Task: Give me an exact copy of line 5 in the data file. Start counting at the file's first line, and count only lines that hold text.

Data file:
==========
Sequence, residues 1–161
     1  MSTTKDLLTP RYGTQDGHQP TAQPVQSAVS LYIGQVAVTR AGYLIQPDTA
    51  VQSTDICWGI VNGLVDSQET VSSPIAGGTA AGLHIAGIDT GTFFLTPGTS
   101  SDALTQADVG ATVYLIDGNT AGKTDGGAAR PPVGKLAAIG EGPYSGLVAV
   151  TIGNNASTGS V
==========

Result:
   151  TIGNNASTGS V